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How do you know and does it matter (2yo!)

(15 Posts)
newmumwithquestions Mon 22-Jan-18 22:33:12

Just wondering how you knew your DC were G&T, if you can tell when they’re really young and if it even matters at such an early age if they are or not.

DD was 2 last month.
She’s just changed nurseries and both nurseries have commented that she’s very bright (I appreciate that’s different to gifted). They’ve both remarked that her speech is very good. She does understand everything I say and is speaking in short (say 6-8 word) sentences.

She counts to 20 easily, can recognise numbers 1-12 (sometimes does 13-20 but with mistakes). She’ll count things up to 10. Can do more with items she physically moves (like buttons) but if it’s pictures on a page then she gets a bit confused which ones she’s counted and double count/misses some. Nursery says she gets the puzzles they give her very quickly and will do ones that 3 year olds can’t typically do. She likes jigsaw puzzles and will do ones up to 36 pieces, but she knows what the ones we have look like so she’s not working them out from scratch - I think she’s remembering how to do them. I just bought her a new 20 piece one and she needed some help to do it the first time, then did it on her own.

She’s not very interested in making marks and her gross motor skills are a bit above average but nothing exceptional.

She will imagine objects like boxes are something else but I’m not sure how much of that is her imagination and how much is her copying her older sister - she definitely copies sometimes.

I tend to think childhood is too short and I have no inclination to push her particularly if I don’t need to. She’s a relaxed and happy child. However as both her nurseries have said something to me I’m wondering if there’s anything I should be doing or avoiding?

limitedscreentime Mon 22-Jan-18 22:38:26

Idk, but my son was massively advanced from an early age (like 8m). He's now 3 and I would say that although he's definitely one of the sharper tools, he doesn't really stand out anymore. When having a conversation with him you'll notice his observations/explanations are good but that's about as remarkable as he gets now.

So personally, I think early years it's more about how good their memory is. True intelligence still to be tested.

JustRichmal Tue 23-Jan-18 08:28:10

I never wondered if dd was naturally intelligent, I just kept looking at what stage she was at and encouraging her to move to what she could do next. So, for instance, you have taught your dd to count objects. |My next step would be to ask, "if you had 2 buttons and I gave you one more, how many would you have?" You have make it a fun for children so they associate learning with fun.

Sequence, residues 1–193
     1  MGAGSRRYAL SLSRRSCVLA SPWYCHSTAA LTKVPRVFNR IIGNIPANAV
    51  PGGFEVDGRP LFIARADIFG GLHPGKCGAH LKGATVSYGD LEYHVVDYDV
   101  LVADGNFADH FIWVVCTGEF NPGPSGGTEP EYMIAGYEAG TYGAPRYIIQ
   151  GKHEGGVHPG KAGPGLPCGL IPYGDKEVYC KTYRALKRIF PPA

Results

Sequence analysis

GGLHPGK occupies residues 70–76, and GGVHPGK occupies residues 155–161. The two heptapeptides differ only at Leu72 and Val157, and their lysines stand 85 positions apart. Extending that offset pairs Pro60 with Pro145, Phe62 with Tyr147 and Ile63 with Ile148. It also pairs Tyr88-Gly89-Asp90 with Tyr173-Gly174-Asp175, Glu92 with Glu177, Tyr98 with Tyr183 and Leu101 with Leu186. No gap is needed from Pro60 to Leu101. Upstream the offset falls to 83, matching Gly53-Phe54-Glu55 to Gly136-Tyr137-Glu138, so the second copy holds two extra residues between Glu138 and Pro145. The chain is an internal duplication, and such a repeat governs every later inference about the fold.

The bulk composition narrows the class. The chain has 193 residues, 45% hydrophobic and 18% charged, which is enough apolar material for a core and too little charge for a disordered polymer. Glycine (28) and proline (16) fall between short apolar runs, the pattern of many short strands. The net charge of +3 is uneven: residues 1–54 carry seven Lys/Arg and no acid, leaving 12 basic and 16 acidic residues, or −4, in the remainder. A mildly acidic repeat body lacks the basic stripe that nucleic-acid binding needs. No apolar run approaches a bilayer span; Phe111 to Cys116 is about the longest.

What age they start talking is largely a measure of how far their vocal chords have developed. As an analogy, a child walking early is not an indication of one day being an Olympic runner.

Whatever you are doing to teach your dd at the moment is obviously working, so just keep moving on with that.

DD is now 14 and still doing well at school.

cornflakegirl Tue 23-Jan-18 08:52:46

You can't tell at 2 whether a child is starting early or will remain ahead. But encouraging curiosity, creativity and a love of learning will help either way.

Lima1 Tue 23-Jan-18 16:19:20

We are in Ireland so no G&T programmes here and DS8 not tested but he would probably be in a G&T programme if we had one as he is way above any of his class academically. DD by contrast is "just" clever and would be classed as "well above average", she is in the top groups of her class.
DD spoke early and had a good 200 words by her 2nd birthday, DS didn't speak until he was 2.3yrs but spoke then was using full sentences.
DS was doing 100 piece puzzles by the time he was 3. DS is very good at picking things up, he doesn't really need repetition. If you show him something once then 9/10 times he will master it. He absorbs lots of information from things going on around him without having to be actually taught.
He is very good at languages, he learns Irish in school and all his teachers have commented about how quickly he learns new words (and doesn't forget them), I'm teaching him Spanish.
He couldn't read before school but was reading fluently within 6 months when other kids were only starting blending.
The main difference between them is that DS is incredibly inquisitive, he wants to know everything you are doing and why. DD will learn because she has to and doesn't really care about discovering new things.
If I'm baking DS was to be involved, he wants to work out measurements, talk about the process and basically ask a million questions. DD is happy to watch TV and come out and lick the bowl when I'm done.

In terms of what you can do, I use everything as a learning opportunity for him. If I'm baking, he measures out the ingredients, I will then ask him what the measurements would be if I doubled the recipe. If I'm driving I tell him my speed and the distance I have to travel and he will work out how long it will take to get there. We look for maths in everyday life, angles, percentages, fractions etc. He loves maths and all my kids are very good at it.
We play lots of card games which are so good for kids.

In all honestly if I were to compare DD and DS at 2 years of age, I would have said it was DD that was more advanced. DS's intelligence didn't become apparent until he was nearer 3.
People would have commented about how advanced DD was when she was younger but with DS the comments were more like "I cant wait to see what he does for a living when he gets older". If comparisons are made between kids people will always comment that you couldn't compare anyone to DS as he is in a different league.